Twenty years ago, a rather reluctant IBM (IBM) unleashed the homely Personal Computer 5150 and created the business PC. Since then, speed has increased by many orders of magnitude, the basic unit of storage has gone from the 160-kilobyte floppy disk to hard drives that hold tens of billions of bytes, and the price per unit of processing power has fallen perhaps a millionfold. Yet the fundamental architecture of the PC has changed amazingly little. In fact, most programs and hardware accessories that worked on the original IBM PC still work today. Plug an early 1980s Epson MX-80 dot-matrix printer into a Pentium 4, and it will be ready to chug away. What accounts for this longevity? And what does it portend for the future of personal technology?
Probably the most important lesson is that technological elegance isn't terribly important in the marketplace; being good enough will do. IBM's requirement that the PC be built from cheap, off-the-shelf parts forced engineering compromises that persist today. Over the years, techno-snobs have derided PC hardware and the software that runs on it, with Sun Microsystems (SUNW) CEO Scott McNealy famously dismissing Microsoft Office as "a hairball." None of this has mattered. "It wasn't rocket science, and it wasn't extraordinarily inventive," says IBM Fellow Mark Dean, who designed the color-graphics adapter for the original PC. "Most of the time it's not the level of technology that makes a difference. The important thing is that you are solving a problem at the right time and at the right price."
FIERCE RIVALRY. The PC became a vital business tool after Lotus Research introduced the 1-2-3 spreadsheet in 1983. At about the same time, IBM, which never tried very hard to retain exclusive control of the basic design, lost control of the technology to Microsoft (MSFT) and Intel (INTC). The consequence has been fierce competition among PC makers--and a steady slide in prices.
The first real challenge to the PC's dominance was the introduction of the Apple Macintosh in 1984. The Mac was and is technically more elegant than its Intel-Microsoft rivals. But it was a closed system, compared to the PC's competition-inspiring open architecture, and Apple (AAPL) claimed a price premium. By the time Microsoft narrowed the usability gap with the introduction of Windows 3.1 in 1991, Apple Computer's chances of making significant inroads were over. The PC wasn't the best, but it was good enough.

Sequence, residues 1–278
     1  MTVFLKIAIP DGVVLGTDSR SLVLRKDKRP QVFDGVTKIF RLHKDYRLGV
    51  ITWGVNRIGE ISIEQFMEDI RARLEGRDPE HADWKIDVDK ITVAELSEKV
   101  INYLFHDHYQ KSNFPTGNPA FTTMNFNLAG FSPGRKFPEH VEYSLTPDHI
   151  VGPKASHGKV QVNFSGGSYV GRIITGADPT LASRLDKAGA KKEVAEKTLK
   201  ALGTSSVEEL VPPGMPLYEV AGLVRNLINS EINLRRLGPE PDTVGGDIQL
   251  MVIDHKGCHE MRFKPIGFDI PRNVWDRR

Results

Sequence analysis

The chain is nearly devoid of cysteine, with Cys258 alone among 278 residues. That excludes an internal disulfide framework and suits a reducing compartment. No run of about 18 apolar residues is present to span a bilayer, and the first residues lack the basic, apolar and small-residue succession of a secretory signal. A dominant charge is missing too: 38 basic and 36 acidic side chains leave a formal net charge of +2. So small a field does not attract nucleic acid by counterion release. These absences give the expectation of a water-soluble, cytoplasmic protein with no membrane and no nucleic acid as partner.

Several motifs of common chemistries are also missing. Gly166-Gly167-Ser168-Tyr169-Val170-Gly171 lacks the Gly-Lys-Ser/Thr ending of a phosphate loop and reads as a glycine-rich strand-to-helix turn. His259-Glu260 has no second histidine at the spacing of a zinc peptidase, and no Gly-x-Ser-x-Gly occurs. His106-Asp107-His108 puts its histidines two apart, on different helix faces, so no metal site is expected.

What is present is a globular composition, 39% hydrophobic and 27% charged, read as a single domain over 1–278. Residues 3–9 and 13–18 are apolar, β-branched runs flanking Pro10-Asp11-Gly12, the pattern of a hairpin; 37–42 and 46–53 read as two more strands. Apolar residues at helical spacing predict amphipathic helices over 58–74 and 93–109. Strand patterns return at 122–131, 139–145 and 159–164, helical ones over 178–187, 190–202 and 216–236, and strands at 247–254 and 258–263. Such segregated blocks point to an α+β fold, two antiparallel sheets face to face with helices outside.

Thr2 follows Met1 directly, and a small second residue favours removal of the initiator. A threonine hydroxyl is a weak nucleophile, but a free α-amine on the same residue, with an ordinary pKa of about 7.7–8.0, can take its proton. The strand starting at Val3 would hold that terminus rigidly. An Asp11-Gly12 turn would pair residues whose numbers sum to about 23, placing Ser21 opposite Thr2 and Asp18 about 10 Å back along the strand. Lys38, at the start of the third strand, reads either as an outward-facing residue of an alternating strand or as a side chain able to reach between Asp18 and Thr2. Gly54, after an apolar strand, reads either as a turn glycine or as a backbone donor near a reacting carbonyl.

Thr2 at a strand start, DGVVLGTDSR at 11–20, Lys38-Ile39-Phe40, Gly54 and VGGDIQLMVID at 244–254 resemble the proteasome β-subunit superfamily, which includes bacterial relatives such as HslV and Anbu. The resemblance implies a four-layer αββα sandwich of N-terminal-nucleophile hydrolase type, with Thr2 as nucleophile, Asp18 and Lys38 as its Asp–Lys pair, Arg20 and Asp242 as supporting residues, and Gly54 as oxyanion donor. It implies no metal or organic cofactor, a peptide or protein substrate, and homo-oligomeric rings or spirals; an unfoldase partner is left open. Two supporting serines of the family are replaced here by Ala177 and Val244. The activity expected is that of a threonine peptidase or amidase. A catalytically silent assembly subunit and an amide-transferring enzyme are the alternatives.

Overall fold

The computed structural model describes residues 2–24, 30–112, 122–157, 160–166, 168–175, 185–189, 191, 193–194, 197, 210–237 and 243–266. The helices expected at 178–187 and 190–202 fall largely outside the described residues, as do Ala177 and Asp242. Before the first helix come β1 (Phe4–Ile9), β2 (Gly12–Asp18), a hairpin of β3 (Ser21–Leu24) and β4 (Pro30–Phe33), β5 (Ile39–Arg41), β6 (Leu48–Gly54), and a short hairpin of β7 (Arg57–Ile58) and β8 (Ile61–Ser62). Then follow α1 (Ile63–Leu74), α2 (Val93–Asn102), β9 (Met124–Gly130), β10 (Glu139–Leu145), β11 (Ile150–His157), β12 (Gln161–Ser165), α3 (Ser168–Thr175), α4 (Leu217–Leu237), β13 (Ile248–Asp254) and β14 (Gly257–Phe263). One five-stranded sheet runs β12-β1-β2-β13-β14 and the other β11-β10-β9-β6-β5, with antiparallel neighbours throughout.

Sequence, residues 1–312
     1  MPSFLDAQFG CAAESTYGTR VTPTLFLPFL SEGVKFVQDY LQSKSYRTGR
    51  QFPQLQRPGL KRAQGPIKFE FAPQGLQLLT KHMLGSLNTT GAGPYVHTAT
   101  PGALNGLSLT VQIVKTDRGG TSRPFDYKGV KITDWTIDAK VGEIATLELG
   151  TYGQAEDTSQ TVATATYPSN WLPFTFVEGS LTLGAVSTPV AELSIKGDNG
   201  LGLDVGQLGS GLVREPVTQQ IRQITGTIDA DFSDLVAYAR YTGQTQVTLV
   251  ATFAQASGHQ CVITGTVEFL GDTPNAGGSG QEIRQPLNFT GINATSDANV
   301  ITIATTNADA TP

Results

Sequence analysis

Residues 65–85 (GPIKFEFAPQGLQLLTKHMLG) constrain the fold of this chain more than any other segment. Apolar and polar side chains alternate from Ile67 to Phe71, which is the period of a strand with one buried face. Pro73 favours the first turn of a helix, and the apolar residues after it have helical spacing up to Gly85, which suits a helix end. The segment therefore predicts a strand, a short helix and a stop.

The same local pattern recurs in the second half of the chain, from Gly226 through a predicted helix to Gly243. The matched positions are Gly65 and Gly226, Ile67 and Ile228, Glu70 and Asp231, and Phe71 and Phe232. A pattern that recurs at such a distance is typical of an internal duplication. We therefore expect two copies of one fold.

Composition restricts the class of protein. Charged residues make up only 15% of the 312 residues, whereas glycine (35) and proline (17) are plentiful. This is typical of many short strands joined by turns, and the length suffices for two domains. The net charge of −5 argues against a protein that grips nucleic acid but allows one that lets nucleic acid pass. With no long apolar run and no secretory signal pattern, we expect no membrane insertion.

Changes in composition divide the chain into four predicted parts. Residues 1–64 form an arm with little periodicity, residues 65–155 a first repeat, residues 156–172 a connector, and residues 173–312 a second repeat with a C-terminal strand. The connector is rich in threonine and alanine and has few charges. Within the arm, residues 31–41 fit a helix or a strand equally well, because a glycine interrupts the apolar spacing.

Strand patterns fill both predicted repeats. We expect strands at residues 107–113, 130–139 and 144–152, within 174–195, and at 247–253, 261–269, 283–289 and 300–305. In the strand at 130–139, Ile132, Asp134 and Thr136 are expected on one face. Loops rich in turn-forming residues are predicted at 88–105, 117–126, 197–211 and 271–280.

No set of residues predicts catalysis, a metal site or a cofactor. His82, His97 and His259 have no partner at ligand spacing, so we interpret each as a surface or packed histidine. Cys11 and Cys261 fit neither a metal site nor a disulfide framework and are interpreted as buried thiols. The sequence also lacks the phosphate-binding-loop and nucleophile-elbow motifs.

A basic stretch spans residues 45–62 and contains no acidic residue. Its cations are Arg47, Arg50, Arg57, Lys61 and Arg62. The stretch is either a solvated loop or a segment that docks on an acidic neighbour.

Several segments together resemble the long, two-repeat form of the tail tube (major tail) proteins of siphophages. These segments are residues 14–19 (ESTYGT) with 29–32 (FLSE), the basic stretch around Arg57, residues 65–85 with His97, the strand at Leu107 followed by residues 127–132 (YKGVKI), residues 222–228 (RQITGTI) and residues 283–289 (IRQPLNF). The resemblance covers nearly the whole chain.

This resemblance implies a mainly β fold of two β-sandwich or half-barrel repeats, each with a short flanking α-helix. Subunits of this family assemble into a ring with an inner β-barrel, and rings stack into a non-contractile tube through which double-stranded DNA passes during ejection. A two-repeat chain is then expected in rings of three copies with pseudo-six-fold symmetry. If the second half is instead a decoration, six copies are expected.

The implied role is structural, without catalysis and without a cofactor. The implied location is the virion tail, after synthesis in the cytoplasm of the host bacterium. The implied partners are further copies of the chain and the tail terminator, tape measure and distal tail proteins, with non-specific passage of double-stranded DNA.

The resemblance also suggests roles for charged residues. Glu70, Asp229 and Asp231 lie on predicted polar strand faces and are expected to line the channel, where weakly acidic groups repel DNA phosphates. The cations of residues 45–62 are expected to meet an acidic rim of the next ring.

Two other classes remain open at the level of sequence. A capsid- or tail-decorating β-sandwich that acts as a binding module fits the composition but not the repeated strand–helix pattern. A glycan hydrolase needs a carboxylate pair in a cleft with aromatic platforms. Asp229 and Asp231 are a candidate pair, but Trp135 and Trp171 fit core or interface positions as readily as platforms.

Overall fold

In the early 1990s, the PC reigned unchallenged. But by the second half of the decade, the growth of the Internet created new competition in the form of "network computers" and, more recently, "Web appliances." These were simple terminals that depended on the processing power and intelligence of network servers. Despite the backing of such heavyweights as Sun, Oracle, and IBM, network appliances failed miserably. The reason is no mystery: They delivered a small fraction of the performance and flexibility of even a low-end PC at a large fraction of the cost. Another challenge to the PC has come from handheld devices. But too many tasks depend on a good keyboard and a big display for these pocketable tools to be more than adjuncts.
I have been as vocal as anyone in criticizing the PC's many flaws. The computers are still too hard to use. Software quality leaves much to be desired, and consumers are expected to put up with a level of failure and frustration that they would not accept from any other product. Yet I have to admit that the reliability of the hardware and the usability of the software have improved dramatically over two decades.
In one sense the PC's glory days are over. Many markets are largely saturated, and even a return to rapid economic expansion is unlikely to produce the sort of PC growth rates we saw in the late 1990s. In the corporate world, researchers are working on ways to turn computing power into a utility in which clusters of servers are used to sell computing power on demand, sort of the network computer idea on steroids. And eventually someone will design a Web appliance that will turn consumers' heads.
Still, the value proposition of the PC--good enough and really cheap--will make it hard to displace. I wouldn't be surprised if 20 years from now, offices and schools were full of Pentium 15 PCs running Windows 2020. By Stephen H. Wildstrom